• Emailarticle
  • Writecomment

Dreaming in Green

Questions for Peter Nicholson, executive director of Foresight Design Initiative, which “seeks to improve and sustain the quality of life in the urban environment through smart design”

How is creativity integral to sustainability? 
The pursuit of sustainability involves doing things in new ways, whether this means developing products that have reduced environmental impacts, changing the way we travel from one part of town to another, or how we use and generate energy. We are at the beginning of developing a new paradigm for how we live.

How can we nurture creativity to order to protect the environment? 
I’m not sure everyone can or is inclined to, which is okay. What we need to do is understand the compelling need to change, to make wiser choices and to support creative approaches.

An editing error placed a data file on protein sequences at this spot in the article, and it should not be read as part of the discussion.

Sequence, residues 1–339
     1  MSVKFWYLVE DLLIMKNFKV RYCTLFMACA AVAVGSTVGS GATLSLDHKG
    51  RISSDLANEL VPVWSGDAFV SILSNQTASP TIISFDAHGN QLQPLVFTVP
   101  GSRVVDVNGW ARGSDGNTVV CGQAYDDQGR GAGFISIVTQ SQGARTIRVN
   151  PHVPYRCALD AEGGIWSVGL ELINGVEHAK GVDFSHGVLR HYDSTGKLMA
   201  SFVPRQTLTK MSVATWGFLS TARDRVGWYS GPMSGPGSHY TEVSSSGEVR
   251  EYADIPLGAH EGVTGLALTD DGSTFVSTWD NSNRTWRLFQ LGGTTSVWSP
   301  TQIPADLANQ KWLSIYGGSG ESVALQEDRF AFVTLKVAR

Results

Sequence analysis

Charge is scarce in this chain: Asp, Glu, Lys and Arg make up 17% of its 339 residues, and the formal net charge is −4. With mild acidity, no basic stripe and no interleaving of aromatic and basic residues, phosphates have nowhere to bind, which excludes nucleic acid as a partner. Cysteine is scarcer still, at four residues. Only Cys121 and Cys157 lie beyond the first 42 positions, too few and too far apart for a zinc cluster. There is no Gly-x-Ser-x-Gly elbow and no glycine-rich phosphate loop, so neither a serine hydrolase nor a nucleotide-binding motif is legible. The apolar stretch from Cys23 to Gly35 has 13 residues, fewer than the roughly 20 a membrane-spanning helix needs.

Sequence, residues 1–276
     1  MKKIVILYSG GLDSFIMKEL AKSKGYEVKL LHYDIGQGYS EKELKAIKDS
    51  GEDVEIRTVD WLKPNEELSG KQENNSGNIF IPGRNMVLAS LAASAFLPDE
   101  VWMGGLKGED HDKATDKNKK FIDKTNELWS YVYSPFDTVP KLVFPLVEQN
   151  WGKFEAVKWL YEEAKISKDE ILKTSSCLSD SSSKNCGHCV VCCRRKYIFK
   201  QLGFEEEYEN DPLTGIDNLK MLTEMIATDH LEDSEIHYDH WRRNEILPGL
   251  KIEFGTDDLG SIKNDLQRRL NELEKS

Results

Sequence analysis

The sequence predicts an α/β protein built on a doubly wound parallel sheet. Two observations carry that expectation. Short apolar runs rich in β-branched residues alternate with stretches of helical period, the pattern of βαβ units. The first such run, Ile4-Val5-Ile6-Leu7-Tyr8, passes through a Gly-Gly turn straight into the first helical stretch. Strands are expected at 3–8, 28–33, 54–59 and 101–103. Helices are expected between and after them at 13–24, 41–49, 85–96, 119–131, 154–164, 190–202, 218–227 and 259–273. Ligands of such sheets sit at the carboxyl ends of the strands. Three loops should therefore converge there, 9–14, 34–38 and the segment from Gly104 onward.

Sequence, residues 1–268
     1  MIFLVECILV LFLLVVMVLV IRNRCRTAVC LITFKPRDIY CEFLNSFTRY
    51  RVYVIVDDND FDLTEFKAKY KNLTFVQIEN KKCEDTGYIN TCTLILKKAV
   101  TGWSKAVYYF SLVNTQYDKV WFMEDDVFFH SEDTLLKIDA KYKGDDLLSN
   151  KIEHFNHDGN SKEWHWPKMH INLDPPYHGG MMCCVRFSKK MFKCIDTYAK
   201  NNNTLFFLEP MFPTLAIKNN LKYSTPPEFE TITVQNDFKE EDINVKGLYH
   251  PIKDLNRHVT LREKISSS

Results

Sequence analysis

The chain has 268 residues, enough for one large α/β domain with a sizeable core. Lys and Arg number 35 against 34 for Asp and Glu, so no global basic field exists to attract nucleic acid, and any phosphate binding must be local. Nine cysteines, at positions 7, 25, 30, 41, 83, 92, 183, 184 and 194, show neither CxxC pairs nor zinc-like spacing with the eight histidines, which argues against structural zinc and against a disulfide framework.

Do you think creative minds are increasingly drawn to sustainability?
To some extent, but not nearly enough. In Chicago, we’re fortunate to have several established sustainability-related organizations doing great work. We have a good handle on the science, public policy and data-driven side of the equation. I’m not sure there is widespread appreciation yet, however, for the need for creativity—in particular, design.

What do you think are some of the most creative projects going on in Chicago?
I’m particularly impressed with several social venture enterprises that seek to create more than one kind of value—places like The Enterprising Kitchen, WomanCraft (a project of Deborah’s Place) and Planet Access. They are enterprises that generate both economic profit, as well as social good, like job training for people who might not otherwise have access to it.

What aspect of sustainable design needs more attention? 
In general, we need to develop a sustainable design methodology [and] learn how to practice it. With regard to specific issues, political campaigns and more sustainable transportation are two topics begging for attention.

Published: October 14, 2007
Issue: November 2007